The Rajkó Hungarian Gypsy Orchestra gave a concert last Friday evening at Crystal Theatre in Norwalk, and I don't know when a group of performers and an entire audience had more fun.

Sponsored by the William Penn Association, the major Hungarian fraternal society in the United States, one purpose of which is to promote and preserve Hungarian culture in this country. This orchestra is touring all over the the country at this time, and gratefully, Norwalk was on their schedule.

It happened to be the 200th anniversary of Hungarian-born composer Ferenc Liszt, better known to us as Franz List, and the first half of the program was dedicated to him. The second half was a knockout program of Gypsy music, also known as Roma along with pieces by Khachaturian, the Johann Strauss family, and Rossini, among others, with fiery examples of Csárdás and something new to me, Verbunk. The former is a familiar dance form, famous in opera and operetta. The latter was originally a "recruiting dance" to demonstrate to young men what fun it would be to join the army! It met with surprisingly success, historically.

The most unusual instrument on the stage was a beautiful 100-year old cimbalom, a stringed instrument played with soft hammers which looks and sound something like a zither or a hammer dulcimer, only different and more melodic. It and its player blazed throughout the evening. Two of Liszt's Hungarian Rhapsodys, No. 2, the most familiar and No. 14 were played, but you've never heard them like this. They contain musical ideas of czárdás and verbunk, but Liszt's genius made the two pieces even more exciting. Brahms, who loved the gypsy music and dance forms of Hungary, was represented by his familiar Hungarian Dance No.5. All the other pieces were by Hungarian composers, and Edy Remenyi's beautiful "Fly, My Swallow," was a study in virtuostic playing on everyone's part. In the second half, the orchestra added a few requests, something they do at all their concerts. Hungary was once half of the Austro-Hungarian empire, and Viennese composers of the time took advantage of the wealth of musical ideas in waltzes and love songs. In that half, we also heard the "William Tell Overture," the "Ritual Fire Dance," and other music that had feet tapping and a little humming, here and there.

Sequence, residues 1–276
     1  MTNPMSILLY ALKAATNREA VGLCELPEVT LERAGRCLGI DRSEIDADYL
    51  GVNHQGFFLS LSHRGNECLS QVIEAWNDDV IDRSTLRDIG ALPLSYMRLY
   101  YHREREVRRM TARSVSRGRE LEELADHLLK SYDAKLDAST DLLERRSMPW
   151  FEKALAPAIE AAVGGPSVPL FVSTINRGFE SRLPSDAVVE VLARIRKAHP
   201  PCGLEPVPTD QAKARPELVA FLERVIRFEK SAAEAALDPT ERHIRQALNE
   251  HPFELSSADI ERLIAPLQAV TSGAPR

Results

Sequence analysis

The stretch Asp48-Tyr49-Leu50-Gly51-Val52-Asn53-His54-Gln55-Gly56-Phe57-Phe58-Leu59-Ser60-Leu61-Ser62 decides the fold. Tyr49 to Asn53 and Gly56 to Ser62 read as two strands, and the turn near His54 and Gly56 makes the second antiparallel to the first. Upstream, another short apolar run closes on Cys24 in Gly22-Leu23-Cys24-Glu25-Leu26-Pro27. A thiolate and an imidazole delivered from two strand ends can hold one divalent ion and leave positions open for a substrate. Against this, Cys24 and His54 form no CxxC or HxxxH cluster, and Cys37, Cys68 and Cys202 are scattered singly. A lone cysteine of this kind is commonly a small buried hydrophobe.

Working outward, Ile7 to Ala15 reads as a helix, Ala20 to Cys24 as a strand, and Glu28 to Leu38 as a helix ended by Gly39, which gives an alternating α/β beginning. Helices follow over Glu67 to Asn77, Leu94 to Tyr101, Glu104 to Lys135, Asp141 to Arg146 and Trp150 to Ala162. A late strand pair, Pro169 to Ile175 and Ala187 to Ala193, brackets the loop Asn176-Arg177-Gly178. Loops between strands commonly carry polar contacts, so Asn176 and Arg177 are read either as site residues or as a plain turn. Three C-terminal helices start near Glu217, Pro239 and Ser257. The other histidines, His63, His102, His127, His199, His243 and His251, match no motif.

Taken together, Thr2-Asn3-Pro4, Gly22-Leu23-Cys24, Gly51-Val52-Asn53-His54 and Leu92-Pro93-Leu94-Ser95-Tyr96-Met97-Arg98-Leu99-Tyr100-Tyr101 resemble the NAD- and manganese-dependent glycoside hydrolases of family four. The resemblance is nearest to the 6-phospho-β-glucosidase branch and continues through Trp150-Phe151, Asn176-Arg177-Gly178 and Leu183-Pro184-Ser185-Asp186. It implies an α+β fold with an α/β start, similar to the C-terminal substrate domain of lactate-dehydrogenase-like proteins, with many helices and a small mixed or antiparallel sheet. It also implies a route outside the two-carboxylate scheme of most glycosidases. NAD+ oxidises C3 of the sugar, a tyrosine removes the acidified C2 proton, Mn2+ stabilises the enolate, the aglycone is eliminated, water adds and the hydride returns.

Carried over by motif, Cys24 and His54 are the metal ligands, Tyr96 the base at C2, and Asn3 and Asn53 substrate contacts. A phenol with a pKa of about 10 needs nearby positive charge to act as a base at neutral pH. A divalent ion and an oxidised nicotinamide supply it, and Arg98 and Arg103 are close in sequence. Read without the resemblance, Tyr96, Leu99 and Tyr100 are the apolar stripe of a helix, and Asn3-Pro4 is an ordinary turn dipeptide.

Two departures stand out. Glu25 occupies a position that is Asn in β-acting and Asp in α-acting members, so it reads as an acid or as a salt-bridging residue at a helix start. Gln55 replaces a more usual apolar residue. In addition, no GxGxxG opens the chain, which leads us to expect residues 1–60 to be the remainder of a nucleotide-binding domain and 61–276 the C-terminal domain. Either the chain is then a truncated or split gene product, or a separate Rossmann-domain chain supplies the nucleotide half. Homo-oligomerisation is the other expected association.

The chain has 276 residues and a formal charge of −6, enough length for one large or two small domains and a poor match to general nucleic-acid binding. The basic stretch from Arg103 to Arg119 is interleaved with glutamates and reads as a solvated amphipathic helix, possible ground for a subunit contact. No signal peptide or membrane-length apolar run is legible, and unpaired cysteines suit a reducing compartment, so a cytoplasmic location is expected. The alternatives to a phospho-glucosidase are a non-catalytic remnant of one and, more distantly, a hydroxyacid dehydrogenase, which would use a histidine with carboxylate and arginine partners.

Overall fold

The ensemble consisted of five violinists, a violist, a clarinetist and a bass viol player. The cimbalom was played by a guest artist, Sándor Kuti, whose hands almost seemed to blur as he produced music ranging from lyrical to wildfire. The conductor was violinist Lőrinc Danyi, but each player had a solo opportunity to display his ability. They were Gyula Feher, Mata Tamás, and József Toldi. The clarinetist was Antal Suki, and you will not hear that kind of virtuostic playing often! The bass viol player, Gábor Matyi, was tireless, never rested for an instant, and supported the ensemble the entire time, whether full orchestra, solos or small ensemble with great skill, and dark sound. The unsung hero, the violist, Benedek Suki, was equally effective in everything he did. There was one example of what I can only call Transylvanian Jazz, and some funny comedic hi-jinks, which enhanced the light-heartedness of the evening. By the way, they used no printed music!

Adding authentic atmosphere, a series of photographs of the country, views of cities, castles, and rolling green mountains and valleys, were projected on the stage screen during the music, giving us a chance to see something of how beautiful Hungary is.

More Information

Fact box

I could go on for several pages about this concert. As well as a wonder-working performance on the part of the orchestra, it was a joyous demonstration of the musical spirit and soul of an entire people, one we do not, alas, often enough any more.